Macarons – the real, French kind – have been on my to-bake list for a long time.  I imagined it would be an all-day process, and I just kept putting it off.

Until I got a dinner invitation, and I offered to bring dessert, and nothing in my recipes looked good.  I did have all day to work on them, so I pulled up the Definitive Macaron Guide and got started.

This will all make sense if you follow along in the guide. 

I started by marking circles on parchment to pipe them into.  I didn’t have a 1.5 inch cookie cutter, and the closest round thing I did have was a give-away champagne glass that lurks in the pack of my cupboard.  So I used it.  The important note here is that you must remember to flip the paper over before you start piping onto and, and also that blue sharpie is a pain to get off your good cookie sheets.  A pen would have been a better choice.

Macarons

Next, the measuring:  4 ounces of almond flour and 8 ounces of powdered sugar.  I actually had almond flour in the fridge from an almond cake recipe I made earlier this year, so that made this part simple.  Macarons

Then the eggs.  I really did weigh the eggs.  It came out to about 5 eggs for me, but I get farm-type eggs which cannot be restricted by labels like "large" or "extra-large".  I followed her instructions exactly – 3 minutes on medium, 3 minutes on medium-high, and 3 minutes on high.  And they looked perfectly meringue-y to me:

Macarons

Then the folding.  All the dry ingredients get folded into the egg whites.  This is where I deviated, and I should not have.  She said about 40 strokes was right – I stopped at 30, because I was afraid they were getting too runny.  The result was that I had an awful lot of big bubbles in my shells, instead of many more little bubbles.  I won’t make that mistake again!

Macarons

Next, piping.  I should have knocked down those little points on top before I baked them, because with the points, they don’t lay flat on the table so you can fill them.

 Macarons Then, off to the oven for 18 minutes.  Mine took closer to 20 minutes, but I suspect my oven thermostat is drifting.  Perhaps the next time I buy an oven thermometer, I’ll actually remember to remove it before I run the self-cleaning cycle?  No, probably not.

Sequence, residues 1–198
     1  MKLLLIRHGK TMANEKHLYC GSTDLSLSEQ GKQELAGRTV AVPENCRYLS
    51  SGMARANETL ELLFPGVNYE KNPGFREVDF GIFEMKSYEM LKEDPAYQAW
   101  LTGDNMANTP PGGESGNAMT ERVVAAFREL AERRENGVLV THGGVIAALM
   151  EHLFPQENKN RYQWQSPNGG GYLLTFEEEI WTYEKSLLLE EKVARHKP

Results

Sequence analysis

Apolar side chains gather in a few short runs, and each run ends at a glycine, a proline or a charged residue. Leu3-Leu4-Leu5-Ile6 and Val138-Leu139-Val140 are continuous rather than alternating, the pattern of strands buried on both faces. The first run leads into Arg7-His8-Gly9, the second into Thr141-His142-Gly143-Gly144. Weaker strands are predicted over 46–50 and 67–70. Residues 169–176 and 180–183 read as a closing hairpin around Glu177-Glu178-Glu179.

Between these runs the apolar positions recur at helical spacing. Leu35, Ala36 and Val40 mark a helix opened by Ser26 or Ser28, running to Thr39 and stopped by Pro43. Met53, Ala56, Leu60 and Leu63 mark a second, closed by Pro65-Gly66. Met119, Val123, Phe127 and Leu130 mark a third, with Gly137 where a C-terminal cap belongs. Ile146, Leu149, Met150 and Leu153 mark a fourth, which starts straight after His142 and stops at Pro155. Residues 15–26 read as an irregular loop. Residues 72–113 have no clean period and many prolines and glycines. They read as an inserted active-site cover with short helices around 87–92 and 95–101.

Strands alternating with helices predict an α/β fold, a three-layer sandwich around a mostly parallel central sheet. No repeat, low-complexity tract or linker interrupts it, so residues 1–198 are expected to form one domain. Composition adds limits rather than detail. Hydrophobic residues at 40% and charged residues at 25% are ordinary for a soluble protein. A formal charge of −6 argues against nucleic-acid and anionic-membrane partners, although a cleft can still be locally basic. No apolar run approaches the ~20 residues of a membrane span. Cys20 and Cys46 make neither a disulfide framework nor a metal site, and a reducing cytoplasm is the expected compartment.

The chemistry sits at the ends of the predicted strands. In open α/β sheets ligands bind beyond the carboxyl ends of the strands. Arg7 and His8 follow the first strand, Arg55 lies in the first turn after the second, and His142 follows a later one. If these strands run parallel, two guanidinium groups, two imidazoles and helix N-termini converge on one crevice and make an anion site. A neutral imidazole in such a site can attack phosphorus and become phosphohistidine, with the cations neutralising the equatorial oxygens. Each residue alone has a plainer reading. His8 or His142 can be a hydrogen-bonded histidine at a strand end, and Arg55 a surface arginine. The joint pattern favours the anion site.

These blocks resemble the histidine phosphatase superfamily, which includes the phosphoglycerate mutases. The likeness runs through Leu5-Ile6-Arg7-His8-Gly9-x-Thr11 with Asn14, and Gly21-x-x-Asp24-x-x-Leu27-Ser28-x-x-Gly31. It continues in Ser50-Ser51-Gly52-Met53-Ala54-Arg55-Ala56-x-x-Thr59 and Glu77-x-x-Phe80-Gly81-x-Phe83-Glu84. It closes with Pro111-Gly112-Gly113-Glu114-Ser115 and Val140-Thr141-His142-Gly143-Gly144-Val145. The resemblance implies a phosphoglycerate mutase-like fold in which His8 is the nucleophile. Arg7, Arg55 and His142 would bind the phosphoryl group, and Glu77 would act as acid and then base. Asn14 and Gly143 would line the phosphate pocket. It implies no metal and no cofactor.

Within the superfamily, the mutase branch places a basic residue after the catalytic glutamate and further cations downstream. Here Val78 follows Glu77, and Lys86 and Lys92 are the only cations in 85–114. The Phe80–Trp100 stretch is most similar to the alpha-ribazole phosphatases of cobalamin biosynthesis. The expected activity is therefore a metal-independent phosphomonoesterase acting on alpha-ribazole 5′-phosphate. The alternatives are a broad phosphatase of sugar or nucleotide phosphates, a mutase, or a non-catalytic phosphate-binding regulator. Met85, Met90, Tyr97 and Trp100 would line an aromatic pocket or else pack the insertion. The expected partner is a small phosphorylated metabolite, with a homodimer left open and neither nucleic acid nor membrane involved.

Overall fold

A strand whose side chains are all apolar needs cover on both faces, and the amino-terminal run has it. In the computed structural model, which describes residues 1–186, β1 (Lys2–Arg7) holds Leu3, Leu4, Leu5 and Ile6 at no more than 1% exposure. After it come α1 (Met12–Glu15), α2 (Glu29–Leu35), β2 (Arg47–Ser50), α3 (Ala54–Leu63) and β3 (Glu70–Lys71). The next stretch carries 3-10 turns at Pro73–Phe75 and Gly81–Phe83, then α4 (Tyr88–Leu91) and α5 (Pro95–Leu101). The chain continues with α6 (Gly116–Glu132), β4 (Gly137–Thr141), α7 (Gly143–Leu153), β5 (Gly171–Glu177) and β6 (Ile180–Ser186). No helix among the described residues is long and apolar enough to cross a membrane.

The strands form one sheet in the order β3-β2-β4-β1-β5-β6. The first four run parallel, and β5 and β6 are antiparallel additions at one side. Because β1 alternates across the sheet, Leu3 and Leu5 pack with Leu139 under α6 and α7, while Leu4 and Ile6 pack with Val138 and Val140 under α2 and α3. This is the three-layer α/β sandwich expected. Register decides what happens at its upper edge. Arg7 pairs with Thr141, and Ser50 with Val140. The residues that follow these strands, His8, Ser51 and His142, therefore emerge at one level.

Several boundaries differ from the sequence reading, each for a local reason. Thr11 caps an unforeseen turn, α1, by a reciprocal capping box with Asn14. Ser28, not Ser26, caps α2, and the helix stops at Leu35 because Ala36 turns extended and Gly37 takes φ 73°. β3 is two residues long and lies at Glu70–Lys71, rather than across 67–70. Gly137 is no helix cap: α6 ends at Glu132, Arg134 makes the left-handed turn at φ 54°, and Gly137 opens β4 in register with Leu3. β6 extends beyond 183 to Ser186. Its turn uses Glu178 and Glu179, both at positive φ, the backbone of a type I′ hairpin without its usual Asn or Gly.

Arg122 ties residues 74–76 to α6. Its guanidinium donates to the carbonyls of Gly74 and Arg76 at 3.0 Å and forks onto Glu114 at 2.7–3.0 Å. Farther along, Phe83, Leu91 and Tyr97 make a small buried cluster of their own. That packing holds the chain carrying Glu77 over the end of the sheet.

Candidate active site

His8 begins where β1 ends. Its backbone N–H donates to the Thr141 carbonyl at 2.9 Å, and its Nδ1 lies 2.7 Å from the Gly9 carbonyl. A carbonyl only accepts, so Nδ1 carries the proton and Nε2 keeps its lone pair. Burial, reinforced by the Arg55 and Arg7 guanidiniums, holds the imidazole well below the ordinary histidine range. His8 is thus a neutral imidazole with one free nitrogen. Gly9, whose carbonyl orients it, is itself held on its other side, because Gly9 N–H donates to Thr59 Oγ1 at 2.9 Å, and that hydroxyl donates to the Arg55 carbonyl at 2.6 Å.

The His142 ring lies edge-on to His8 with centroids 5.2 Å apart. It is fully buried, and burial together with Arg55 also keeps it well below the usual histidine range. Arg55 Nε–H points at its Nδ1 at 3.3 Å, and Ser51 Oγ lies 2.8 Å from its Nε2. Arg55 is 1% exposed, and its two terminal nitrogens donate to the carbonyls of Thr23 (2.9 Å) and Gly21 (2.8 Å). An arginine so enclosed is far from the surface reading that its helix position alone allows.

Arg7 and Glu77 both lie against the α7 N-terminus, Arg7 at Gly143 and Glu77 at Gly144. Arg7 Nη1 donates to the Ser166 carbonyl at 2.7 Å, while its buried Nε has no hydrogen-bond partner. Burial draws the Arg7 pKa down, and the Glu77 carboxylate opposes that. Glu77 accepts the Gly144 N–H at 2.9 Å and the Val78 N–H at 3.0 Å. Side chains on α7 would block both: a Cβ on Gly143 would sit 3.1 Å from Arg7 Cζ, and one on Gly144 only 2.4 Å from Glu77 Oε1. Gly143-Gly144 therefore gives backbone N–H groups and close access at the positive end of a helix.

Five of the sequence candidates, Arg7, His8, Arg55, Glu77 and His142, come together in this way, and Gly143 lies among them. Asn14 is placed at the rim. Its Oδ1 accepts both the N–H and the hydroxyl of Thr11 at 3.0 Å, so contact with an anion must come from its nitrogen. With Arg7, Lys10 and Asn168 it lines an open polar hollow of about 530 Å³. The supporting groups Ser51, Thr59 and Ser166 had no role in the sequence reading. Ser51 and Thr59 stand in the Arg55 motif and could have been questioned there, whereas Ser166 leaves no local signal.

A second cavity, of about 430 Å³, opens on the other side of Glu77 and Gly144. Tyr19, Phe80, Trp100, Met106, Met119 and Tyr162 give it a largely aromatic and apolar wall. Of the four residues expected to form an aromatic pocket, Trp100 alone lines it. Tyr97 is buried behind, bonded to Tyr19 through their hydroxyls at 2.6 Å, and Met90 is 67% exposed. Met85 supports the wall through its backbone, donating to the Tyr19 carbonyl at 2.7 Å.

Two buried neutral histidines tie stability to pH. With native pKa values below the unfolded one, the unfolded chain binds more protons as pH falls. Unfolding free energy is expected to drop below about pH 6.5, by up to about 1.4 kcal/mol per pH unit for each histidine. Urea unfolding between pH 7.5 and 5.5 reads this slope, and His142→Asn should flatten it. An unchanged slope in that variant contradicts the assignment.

Macarons

I was genuinely impressed.  They weren’t perfect, but they were very close, especially for a first try.  While they cooled, I whipped up a batch of vanilla buttercream to fill them with.  I piped in the buttercream…

Macarons

…and then we went out to dinner.  Everyone loved them, even if they could have been a bit flatter and less airy.  My impression was that they weren’t nearly as hard as everyone says they are, and they were well worth the trouble.  I can see myself making a huge batch, with different colors and fillings, for a party.  I’m thinking cherry shells with a chocolate ganache, to start with…

( see the recipe )

(The February 2011 Daring Bakers’ challenge was hosted by Mallory from A Sofa in the Kitchen. She chose to challenge everyone to make Panna Cotta from a Giada De Laurentiis recipe and Nestle Florentine Cookies.)

Another fun challenge!  Panna Cotta has been on my list of things to try for a while, so I was excited about making it.  I decided on the vanilla option, with peach gelée on top.

The panna cotta comes together easily – it’s not as complicated and finicky as a custard or pudding.  You start by adding some unflavored gelatin to a cup of milk.  Let it bloom for a few minutes, then warm it up on the stove.  The goal is to get it hot but not boiling – you’re effectively scalding it to break down the proteins a bit and make it thicken up better.  Once it’s hot, add heavy cream, honey, and a bit of sugar.  I also added in some vanilla bean paste, but the vanilla bean particles didn’t stay suspended very well – I’d skip this next time.

After it all warms up again, let it cool, pour into dishes, and let it cool overnight.  Mine came out a bit puckered on top, but set up nicely: